Living On The Moon, a poem
I remember all she had, stockpiled
in a child’s Easter basket. Necklaces
of ivory, turquoise and amber beads —
hopelessly broken and tangled. Cheap
metal pins, plastic bracelets, a dozen
stilled watches. Dried-out jars
of skin cream, mangled greeting cards,
portraits of her sisters. Often,
I allowed her to caress my face with
her trembling, soiled hands. On the pillow,
my head next to hers, pretending
I was a small child, and she my beloved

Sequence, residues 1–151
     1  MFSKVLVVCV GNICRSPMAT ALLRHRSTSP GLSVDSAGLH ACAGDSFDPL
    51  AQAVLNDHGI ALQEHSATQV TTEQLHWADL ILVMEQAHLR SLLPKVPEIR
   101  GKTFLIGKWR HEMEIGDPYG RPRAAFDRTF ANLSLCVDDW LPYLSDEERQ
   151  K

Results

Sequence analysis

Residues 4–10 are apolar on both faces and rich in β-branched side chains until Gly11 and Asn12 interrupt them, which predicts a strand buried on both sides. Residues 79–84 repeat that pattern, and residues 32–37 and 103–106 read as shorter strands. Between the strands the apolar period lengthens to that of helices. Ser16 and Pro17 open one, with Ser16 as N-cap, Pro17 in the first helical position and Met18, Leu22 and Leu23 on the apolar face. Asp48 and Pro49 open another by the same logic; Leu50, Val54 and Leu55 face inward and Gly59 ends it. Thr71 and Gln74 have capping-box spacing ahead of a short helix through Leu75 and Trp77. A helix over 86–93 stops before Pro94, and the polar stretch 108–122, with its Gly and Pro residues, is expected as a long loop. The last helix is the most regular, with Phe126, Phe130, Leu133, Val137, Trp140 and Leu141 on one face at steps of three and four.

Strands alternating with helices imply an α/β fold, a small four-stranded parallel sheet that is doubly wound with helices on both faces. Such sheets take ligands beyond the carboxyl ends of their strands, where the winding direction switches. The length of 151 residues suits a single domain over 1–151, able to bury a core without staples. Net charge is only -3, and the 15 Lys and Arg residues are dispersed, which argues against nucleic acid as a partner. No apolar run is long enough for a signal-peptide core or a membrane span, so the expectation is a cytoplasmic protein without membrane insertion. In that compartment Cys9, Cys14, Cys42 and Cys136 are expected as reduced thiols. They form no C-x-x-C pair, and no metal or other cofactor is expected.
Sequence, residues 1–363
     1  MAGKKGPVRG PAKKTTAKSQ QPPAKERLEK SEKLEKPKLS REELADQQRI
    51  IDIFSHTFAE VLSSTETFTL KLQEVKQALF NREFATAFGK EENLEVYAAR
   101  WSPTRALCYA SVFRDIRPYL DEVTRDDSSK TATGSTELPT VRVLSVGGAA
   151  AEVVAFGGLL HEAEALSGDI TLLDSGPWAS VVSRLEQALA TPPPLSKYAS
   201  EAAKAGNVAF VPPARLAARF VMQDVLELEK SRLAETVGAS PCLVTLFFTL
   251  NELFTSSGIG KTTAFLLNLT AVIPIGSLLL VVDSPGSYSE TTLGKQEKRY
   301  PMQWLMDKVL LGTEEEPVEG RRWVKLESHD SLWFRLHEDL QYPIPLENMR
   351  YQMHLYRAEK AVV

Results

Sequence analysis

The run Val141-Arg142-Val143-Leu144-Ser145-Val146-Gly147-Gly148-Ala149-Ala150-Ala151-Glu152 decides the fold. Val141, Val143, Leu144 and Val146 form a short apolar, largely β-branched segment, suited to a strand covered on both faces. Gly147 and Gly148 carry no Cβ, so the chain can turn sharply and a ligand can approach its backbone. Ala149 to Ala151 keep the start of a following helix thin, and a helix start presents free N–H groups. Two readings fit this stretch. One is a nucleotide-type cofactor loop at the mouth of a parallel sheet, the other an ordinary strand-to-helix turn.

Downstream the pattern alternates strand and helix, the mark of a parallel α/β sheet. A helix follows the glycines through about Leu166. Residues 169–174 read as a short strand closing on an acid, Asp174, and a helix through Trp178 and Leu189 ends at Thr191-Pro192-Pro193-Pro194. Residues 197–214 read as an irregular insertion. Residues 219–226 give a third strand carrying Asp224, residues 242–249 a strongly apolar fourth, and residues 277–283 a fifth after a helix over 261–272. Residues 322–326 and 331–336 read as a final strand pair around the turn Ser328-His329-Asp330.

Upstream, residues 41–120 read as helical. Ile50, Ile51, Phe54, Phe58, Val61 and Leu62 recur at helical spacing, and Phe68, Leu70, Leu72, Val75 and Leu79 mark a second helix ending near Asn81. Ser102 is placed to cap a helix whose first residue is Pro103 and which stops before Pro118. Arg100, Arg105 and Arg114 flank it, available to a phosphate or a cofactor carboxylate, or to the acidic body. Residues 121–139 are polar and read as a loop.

mother. Afterward, I scrubbed myself pink
with harsh soap. In a moment captured
years ago, Brandy, her tiny poodle,
dances on his hind legs, his pink toenails
scrabbling against her tanned,
scrawny calves, a rhinestone collar
tight around his limber ashen neck.
She tempts him to please her with a bit
of bacon — herself very plump around
the middle, silver hair teased and
sprayed, a perfect bouffant. You
would never guess then she was fated
to end up living on the surface of the moon,
by herself, without shame, without desire.
I must restring the beads, drape them over
a mirror, say a few words to her picture.
She will appear in my dreams nightly, dancing
with a small white dog, twirling her brittle
bones around and around until they catch fire.
She will sparkle like cut glass; gulping for air.